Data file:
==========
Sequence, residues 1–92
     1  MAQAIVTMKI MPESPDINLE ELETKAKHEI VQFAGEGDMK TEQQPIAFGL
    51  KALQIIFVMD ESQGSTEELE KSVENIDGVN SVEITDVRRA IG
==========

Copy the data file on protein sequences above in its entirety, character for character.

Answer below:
Sequence, residues 1–92
     1  MAQAIVTMKI MPESPDINLE ELETKAKHEI VQFAGEGDMK TEQQPIAFGL
    51  KALQIIFVMD ESQGSTEELE KSVENIDGVN SVEITDVRRA IG